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Version: 0.3.x 🚧

Example Processors

We maintain a set of examples which you can use as a starting point for you to develop your stream processors.

The examples work for both tokio and async-std and uses the sea-streamer-socket API:

  • consumer: A basic consumer
  • producer: A basic producer
  • processor: A basic stream processor
  • resumable: A resumable stream processor that continues from where it left off
  • buffered: An advanced stream processor with internal buffering and batch processing
  • blocking: An advanced stream processor for handling blocking / CPU-bound tasks

Running the basic processor example

With Kafka:

# Produce some input
cargo run --bin producer -- --stream kafka://localhost:9092/hello1 &
# Start the processor, producing some output
cargo run --bin processor -- --input kafka://localhost:9092/hello1 --output kafka://localhost:9092/hello2 &
# Replay the output
cargo run --bin consumer -- --stream kafka://localhost:9092/hello2
# Remember to stop the processes
kill %1 %2

With Redis:

# Produce some input
cargo run --bin producer -- --stream redis://localhost:6379/hello1 &
# Start the processor, producing some output
cargo run --bin processor -- --input redis://localhost:6379/hello1 --output redis://localhost:6379/hello2 &
# Replay the output
cargo run --bin consumer -- --stream redis://localhost:6379/hello2
# Remember to stop the processes
kill %1 %2

With Stdio:

# Pipe the producer to the processor
cargo run --bin producer -- --stream stdio:///hello1 | \
cargo run --bin processor -- --input stdio:///hello1 --output stdio:///hello2

Running the resumable processor example

The resumable processor can be killed anytime, and will continue from where it left off. This is typically called "at least once" processing, meaning no messages should be skipped, but it's possible for the same message to be processed twice.

STREAMER_URI="kafka://localhost:9092"
STREAMER_URI="redis://localhost:6379"
# Produce lots of input
cargo run --bin producer -- --stream $STREAMER_URI/hello1
# Run the processor, but kill it before it can process the entire stream
cargo run --bin resumable -- --input $STREAMER_URI/hello1 --output stdio:///hello2 | head -n 10
cargo run --bin resumable -- --input $STREAMER_URI/hello1 --output stdio:///hello2 | head -n 10
cargo run --bin resumable -- --input $STREAMER_URI/hello1 --output stdio:///hello2 | head -n 10

Output:

[2023-02-28T10:13:59 | hello2 | 0] "tick 0" processed
[2023-02-28T10:13:59 | hello2 | 1] "tick 1" processed
[2023-02-28T10:13:59 | hello2 | 2] "tick 2" processed
...
[2023-02-28T10:13:59 | hello2 | 9] "tick 9" processed
thread 'sea-streamer-stdio-stdout' panicked at 'failed printing to stdout: Broken pipe (os error 32)', library/std/src/io/stdio.rs:1009:9

[2023-02-28T10:14:08 | hello2 | 0] "tick 10" processed
...
[2023-02-28T10:14:08 | hello2 | 9] "tick 19" processed
thread 'sea-streamer-stdio-stdout' panicked at 'failed printing to stdout: Broken pipe (os error 32)', library/std/src/io/stdio.rs:1009:9

...

Running the buffered processor example

The clock runs 10x faster than the processor, so we expect each batch consist of more or less 10 messages.

This pattern is useful when an input stream has a high frequency, but the processor has a high impedance.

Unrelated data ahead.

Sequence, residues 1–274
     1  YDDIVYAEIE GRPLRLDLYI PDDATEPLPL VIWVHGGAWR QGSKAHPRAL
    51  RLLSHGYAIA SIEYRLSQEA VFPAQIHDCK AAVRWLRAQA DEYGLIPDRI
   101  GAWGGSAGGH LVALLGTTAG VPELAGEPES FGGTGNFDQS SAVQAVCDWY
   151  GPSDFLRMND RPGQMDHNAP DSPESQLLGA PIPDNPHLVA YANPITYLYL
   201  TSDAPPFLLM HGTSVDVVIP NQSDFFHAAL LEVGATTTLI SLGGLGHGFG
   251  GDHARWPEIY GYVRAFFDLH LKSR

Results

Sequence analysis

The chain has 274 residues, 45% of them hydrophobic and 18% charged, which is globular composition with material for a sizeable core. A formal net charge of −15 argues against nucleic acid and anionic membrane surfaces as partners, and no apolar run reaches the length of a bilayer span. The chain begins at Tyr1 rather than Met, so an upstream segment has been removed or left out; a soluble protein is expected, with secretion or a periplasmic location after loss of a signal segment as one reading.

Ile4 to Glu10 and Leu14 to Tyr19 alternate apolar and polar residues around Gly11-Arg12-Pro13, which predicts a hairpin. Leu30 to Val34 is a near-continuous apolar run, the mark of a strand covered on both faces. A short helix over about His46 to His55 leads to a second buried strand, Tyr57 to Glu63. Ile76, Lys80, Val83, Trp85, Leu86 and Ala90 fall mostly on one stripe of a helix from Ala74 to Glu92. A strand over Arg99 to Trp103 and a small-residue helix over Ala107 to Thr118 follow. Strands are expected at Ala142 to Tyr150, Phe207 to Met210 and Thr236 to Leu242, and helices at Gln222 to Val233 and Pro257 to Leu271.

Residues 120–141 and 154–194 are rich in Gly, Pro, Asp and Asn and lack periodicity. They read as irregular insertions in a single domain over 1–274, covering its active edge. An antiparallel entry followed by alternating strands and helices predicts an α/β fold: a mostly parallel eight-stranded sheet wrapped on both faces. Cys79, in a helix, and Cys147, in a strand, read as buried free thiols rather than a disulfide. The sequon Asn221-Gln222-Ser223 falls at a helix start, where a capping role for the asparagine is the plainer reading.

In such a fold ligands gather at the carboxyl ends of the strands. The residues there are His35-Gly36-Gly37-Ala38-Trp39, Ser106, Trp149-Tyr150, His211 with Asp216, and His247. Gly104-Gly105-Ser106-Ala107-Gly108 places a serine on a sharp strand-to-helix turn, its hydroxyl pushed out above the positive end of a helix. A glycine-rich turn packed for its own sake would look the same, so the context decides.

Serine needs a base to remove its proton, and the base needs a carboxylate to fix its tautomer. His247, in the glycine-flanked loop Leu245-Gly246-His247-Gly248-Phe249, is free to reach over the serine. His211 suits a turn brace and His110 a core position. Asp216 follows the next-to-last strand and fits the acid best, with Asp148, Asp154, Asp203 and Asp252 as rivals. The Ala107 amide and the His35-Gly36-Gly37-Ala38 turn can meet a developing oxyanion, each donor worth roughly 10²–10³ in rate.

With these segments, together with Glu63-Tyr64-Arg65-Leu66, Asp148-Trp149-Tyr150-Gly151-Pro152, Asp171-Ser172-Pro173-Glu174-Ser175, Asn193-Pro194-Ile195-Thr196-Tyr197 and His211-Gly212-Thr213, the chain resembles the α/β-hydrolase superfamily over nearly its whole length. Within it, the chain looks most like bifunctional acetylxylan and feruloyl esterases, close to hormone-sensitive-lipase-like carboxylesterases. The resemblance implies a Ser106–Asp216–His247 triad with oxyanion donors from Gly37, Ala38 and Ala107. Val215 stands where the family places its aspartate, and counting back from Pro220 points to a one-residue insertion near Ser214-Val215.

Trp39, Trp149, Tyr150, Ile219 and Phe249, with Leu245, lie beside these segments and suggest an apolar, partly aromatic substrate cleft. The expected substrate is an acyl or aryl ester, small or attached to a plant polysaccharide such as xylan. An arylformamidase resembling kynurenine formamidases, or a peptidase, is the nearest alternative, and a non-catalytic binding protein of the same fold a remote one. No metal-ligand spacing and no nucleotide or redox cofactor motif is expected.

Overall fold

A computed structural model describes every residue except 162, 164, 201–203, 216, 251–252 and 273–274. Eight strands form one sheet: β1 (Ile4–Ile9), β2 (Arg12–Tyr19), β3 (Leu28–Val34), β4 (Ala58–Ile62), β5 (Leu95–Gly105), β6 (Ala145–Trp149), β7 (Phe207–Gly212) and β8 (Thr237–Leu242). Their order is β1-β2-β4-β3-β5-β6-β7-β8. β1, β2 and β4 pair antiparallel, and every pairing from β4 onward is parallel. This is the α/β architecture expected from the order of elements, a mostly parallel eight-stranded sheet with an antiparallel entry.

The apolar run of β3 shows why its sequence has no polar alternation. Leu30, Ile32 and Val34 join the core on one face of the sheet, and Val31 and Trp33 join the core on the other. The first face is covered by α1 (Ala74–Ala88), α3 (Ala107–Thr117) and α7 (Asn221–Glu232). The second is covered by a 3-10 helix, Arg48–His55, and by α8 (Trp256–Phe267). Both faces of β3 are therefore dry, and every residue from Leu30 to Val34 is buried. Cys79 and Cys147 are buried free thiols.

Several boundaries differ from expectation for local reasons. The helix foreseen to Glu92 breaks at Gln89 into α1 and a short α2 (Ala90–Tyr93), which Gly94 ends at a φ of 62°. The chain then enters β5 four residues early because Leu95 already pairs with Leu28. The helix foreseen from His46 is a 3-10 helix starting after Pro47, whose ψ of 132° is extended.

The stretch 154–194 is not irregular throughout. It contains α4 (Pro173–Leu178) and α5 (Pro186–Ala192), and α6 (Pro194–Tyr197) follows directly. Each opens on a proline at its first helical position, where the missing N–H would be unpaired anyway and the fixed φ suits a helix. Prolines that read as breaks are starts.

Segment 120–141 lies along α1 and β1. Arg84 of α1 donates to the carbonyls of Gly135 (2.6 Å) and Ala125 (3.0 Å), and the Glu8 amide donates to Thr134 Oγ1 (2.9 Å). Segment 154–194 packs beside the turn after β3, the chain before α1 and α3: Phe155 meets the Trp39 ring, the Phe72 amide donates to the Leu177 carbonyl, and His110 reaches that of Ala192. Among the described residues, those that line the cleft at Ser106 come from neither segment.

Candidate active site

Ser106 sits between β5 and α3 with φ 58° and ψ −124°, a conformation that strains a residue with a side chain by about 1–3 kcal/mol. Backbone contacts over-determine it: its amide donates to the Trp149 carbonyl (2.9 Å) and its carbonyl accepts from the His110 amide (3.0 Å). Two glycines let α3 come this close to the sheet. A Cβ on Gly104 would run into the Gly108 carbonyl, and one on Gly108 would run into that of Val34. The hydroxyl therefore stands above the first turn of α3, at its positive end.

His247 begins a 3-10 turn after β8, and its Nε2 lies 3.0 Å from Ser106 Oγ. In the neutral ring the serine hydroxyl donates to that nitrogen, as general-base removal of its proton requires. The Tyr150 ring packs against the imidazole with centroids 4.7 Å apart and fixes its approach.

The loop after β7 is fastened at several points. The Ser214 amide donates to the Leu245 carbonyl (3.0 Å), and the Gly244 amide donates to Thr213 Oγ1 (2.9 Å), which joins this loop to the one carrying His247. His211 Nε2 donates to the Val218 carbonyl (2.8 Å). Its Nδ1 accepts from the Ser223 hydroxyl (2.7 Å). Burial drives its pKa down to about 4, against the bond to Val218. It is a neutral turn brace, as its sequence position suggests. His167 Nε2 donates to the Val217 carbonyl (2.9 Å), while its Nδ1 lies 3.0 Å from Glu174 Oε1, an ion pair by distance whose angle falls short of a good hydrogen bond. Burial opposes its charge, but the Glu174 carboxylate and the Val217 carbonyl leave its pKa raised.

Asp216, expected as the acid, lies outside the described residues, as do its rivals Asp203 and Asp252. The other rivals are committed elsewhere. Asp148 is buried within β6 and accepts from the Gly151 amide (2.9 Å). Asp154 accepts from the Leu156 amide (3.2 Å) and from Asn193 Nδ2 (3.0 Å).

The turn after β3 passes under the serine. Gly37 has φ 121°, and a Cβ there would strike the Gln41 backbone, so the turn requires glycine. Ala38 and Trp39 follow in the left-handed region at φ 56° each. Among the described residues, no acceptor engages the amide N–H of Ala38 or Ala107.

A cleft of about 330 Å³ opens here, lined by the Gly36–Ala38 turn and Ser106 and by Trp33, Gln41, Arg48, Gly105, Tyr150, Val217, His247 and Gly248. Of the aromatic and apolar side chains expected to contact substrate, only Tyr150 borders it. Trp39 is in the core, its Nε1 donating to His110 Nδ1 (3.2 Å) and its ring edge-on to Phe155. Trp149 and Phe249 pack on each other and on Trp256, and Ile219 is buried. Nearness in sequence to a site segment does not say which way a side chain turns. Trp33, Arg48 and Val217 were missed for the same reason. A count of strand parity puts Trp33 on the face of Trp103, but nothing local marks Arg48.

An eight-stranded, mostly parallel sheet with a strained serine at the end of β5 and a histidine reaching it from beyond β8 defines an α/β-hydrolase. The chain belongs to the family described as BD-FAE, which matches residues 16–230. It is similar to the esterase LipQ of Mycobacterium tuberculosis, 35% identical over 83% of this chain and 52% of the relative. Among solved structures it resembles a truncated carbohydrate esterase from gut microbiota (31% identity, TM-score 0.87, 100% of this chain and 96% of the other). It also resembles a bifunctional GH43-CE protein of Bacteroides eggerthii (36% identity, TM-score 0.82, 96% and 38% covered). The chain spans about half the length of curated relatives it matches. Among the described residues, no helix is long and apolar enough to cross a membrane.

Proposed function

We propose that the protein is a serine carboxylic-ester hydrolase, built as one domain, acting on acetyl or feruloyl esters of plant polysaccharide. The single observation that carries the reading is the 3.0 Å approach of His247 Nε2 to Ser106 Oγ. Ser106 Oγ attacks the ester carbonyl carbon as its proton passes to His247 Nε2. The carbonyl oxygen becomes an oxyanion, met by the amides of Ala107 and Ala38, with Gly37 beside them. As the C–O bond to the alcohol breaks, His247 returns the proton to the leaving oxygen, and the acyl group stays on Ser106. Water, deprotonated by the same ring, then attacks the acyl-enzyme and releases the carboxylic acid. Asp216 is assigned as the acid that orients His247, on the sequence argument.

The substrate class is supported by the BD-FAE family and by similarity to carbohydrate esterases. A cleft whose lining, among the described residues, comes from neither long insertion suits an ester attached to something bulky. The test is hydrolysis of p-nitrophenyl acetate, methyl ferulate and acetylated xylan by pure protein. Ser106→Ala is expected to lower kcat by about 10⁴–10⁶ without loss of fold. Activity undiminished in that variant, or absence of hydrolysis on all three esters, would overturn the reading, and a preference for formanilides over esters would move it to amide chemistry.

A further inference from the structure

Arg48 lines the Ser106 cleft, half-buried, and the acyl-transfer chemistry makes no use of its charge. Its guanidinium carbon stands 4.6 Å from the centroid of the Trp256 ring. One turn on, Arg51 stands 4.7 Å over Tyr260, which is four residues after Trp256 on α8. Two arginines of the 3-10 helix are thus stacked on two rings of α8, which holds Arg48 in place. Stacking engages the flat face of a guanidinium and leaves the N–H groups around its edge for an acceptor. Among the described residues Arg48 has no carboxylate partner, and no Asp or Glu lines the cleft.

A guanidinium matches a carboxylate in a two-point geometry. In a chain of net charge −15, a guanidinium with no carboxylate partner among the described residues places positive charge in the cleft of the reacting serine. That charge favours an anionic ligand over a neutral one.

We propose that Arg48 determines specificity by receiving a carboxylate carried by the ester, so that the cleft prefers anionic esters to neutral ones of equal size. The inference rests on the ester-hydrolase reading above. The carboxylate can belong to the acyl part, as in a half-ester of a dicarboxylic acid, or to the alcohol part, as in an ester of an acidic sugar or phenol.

A more throughout technical discussion:
For example, to insert records into a database, it's more efficient to insert in batches. But you can't naively fix the batch size at 10 or 100, because it might have buffered 9 messages and waiting for the 10th, and you can't handle a sudden burst of messages.

So, how to minimize the overall task execution time? You decouple the two busy loops and use a queue to connect them loosely: now both loops can spin at their optimal frequency, maximizing the overall throughput of the processor.

alias clock='cargo run --package sea-streamer-stdio --features=executables --bin clock'
clock -- --stream clock --interval 100ms | \
cargo run --bin buffered -- --input stdio:///clock --output stdio:///output

Output:

[2023-02-27T10:43:58 | output | 0] [batch 0] { "tick": 0 } processed
[2023-02-27T10:43:59 | output | 1] [batch 1] { "tick": 1 } processed
[2023-02-27T10:43:59 | output | 2] [batch 1] { "tick": 2 } processed
[2023-02-27T10:43:59 | output | 3] [batch 1] { "tick": 3 } processed
[2023-02-27T10:43:59 | output | 4] [batch 1] { "tick": 4 } processed
[2023-02-27T10:43:59 | output | 5] [batch 1] { "tick": 5 } processed
[2023-02-27T10:43:59 | output | 6] [batch 1] { "tick": 6 } processed
[2023-02-27T10:43:59 | output | 7] [batch 1] { "tick": 7 } processed
[2023-02-27T10:43:59 | output | 8] [batch 1] { "tick": 8 } processed
...

Running the blocking processor example

The clock runs 3x faster than the processor, but we have 4 threads, so we expect it to be able to catch up in real-time. Tasks are randomly assigned to threads, aka. a "fan out" pattern.

This pattern is useful when you have to perform blocking IO or CPU-heavy computation.

alias clock='cargo run --package sea-streamer-stdio --features=executables --bin clock'
clock -- --stream clock --interval 333ms | \
cargo run --bin blocking -- --input stdio:///clock --output stdio:///output

Output:

[2023-03-07T06:00:52 | output | 0] [thread 0] { "tick": 0 } processed
[2023-03-07T06:00:53 | output | 1] [thread 1] { "tick": 1 } processed
[2023-03-07T06:00:53 | output | 2] [thread 2] { "tick": 2 } processed
[2023-03-07T06:00:53 | output | 3] [thread 3] { "tick": 3 } processed
[2023-03-07T06:00:54 | output | 4] [thread 0] { "tick": 4 } processed
[2023-03-07T06:00:54 | output | 5] [thread 1] { "tick": 5 } processed
[2023-03-07T06:00:54 | output | 6] [thread 2] { "tick": 6 } processed